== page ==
Speakers at International Design Week include renowned typographers, photographers, couturiers and choreographers, as well as advertising gurus and marketing strategist. If you’re interested in the creative side of design, here are Time Out’s top picks from the program:
1. Melbourne designer Leah Heiss blends art with nano-engineering to build responsive garments and hand held devices. Her high-tech, high-emotion designs include delicate jewellery which can be used to deliver insulin to diabetics, and wearable ECG transmitter/receivers that let you feel the murmur of your friend’s heartbeat, even though they’re not with you.
2. When it comes to textiles the Japanese do it better. Reiko Sudo and her team at NUNO combine traditional and high-tech materials and processes – like silk that’s been salt-shrunk or fused with tin foil – to produce remarkable fabrics that are held in art museums around the world (and in the closets of a lucky few).
3. Roger Dean’s album covers for Yes, Asia, Pink Floyd and other 70s bands are prog personified: dragons, wizards, warriors, intergalactic gardens, fantasy landscapes, whatever this is. Dean’s iconic ‘Lord of the Rings in space’ aesthetic, which still informs his design practice, is more memorable than many of the bands he worked for.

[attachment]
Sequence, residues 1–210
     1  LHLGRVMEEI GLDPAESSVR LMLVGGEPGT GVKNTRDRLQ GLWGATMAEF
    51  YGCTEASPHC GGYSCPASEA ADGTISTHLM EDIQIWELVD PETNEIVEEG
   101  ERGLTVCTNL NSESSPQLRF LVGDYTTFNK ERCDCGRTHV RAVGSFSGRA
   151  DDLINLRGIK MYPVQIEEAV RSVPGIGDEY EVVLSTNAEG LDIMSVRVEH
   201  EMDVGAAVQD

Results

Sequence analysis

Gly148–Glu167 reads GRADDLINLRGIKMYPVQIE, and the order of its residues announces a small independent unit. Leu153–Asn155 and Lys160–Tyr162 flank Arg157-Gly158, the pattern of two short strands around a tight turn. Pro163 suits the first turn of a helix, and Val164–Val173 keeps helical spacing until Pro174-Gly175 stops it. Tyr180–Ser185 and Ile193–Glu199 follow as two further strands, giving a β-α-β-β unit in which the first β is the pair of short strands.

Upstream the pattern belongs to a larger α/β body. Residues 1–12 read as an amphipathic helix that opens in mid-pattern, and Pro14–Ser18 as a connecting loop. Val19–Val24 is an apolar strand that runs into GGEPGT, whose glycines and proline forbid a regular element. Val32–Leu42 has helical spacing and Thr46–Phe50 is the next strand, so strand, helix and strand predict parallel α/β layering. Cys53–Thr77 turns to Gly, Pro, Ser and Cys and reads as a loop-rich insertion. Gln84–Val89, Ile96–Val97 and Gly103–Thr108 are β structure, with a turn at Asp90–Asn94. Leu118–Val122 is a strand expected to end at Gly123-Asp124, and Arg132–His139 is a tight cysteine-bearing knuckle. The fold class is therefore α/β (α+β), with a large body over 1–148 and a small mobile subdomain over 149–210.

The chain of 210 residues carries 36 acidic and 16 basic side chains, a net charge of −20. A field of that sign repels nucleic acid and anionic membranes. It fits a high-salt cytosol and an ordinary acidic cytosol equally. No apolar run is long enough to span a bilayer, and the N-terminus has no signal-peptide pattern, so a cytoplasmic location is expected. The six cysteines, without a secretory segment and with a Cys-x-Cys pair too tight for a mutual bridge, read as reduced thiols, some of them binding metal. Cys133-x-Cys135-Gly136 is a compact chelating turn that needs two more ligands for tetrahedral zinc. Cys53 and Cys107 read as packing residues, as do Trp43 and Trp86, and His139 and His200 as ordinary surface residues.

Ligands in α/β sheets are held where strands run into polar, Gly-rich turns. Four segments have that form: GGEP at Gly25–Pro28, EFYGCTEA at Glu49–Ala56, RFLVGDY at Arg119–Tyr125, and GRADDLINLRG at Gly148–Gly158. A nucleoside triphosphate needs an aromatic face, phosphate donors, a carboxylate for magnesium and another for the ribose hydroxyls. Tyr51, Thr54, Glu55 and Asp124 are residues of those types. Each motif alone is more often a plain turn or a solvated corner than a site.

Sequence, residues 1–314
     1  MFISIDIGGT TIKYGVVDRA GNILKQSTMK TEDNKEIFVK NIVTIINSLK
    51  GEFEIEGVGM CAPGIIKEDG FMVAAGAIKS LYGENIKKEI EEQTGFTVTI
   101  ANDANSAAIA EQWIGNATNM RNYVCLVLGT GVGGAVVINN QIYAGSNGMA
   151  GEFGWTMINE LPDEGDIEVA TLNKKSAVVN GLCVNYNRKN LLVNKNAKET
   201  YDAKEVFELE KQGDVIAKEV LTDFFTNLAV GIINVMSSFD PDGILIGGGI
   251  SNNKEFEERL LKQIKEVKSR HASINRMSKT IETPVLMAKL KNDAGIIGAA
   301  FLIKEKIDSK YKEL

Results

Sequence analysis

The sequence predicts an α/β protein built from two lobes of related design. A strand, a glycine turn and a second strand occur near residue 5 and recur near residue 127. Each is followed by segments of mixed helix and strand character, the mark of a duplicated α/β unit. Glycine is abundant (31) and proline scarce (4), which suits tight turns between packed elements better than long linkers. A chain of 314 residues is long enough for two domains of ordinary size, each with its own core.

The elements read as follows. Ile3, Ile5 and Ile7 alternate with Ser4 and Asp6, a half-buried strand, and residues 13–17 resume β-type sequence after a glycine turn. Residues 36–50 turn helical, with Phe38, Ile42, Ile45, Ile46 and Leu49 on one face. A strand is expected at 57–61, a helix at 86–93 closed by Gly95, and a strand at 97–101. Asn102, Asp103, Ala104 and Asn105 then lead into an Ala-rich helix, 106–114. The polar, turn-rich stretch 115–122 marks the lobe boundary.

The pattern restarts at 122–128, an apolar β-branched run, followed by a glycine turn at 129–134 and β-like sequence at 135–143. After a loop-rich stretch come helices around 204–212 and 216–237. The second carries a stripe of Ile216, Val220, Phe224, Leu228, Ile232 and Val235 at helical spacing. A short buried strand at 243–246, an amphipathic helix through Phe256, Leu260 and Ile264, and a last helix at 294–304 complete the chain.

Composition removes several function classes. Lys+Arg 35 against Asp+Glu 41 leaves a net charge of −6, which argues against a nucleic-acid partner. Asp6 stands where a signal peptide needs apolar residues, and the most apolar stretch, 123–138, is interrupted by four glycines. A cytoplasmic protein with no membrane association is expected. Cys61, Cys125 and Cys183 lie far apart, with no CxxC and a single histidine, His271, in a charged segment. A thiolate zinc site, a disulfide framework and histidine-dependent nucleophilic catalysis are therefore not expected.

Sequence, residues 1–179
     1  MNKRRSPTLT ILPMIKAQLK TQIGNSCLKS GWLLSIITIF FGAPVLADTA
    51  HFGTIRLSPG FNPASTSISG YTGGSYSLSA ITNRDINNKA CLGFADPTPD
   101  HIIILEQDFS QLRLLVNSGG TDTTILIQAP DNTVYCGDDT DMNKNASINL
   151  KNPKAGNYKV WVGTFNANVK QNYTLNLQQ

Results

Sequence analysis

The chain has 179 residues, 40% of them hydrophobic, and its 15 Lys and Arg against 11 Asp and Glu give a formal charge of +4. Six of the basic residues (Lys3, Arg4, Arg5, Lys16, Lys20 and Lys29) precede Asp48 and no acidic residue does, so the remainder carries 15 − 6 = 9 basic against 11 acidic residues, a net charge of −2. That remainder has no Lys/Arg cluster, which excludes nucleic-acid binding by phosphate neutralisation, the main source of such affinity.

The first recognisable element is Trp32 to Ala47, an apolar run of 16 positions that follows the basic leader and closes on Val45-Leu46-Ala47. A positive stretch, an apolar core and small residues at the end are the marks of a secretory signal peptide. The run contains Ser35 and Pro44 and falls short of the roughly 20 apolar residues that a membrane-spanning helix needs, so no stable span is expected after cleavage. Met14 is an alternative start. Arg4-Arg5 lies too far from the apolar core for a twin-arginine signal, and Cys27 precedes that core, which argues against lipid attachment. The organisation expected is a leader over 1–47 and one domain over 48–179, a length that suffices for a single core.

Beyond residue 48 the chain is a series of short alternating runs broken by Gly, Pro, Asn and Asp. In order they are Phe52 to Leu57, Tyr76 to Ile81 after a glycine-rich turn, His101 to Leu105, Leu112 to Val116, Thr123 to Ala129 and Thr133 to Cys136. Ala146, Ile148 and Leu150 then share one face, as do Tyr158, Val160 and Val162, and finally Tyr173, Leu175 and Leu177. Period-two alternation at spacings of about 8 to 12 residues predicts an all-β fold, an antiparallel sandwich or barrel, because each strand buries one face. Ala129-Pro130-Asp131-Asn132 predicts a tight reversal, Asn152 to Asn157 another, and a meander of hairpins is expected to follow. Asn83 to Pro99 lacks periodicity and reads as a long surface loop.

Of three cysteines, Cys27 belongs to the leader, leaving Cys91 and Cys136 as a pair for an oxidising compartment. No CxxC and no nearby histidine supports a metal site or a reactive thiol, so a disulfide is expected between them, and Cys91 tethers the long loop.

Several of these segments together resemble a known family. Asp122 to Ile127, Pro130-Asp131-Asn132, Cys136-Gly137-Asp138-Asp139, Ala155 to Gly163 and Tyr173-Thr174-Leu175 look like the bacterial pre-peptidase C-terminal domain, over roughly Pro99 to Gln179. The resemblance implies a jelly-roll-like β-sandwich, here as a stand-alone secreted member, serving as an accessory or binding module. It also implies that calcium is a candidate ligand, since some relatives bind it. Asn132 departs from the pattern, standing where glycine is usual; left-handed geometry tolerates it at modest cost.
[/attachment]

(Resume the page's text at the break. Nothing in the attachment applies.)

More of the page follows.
4. Also known for his collaborations with the British music scene, Ian Anderson’s studio The Designers Republic defined the demented face of the 1990s UK electronic music scene – think of the weird, rowdy album covers for War Recrods artists like Autechre and Aphex Twin, as well as Moloko, The Orb andPWEI.
5. French fine arts professor and graphic designer Alain Le Quernec is best known for his dynamic posters in the tradition of Polish Poster School greats like Henryk Tomaszewski. Since the 1970s Le Quernec has resisted plying his trade for advertisers, working exclusively for political and cultural clients.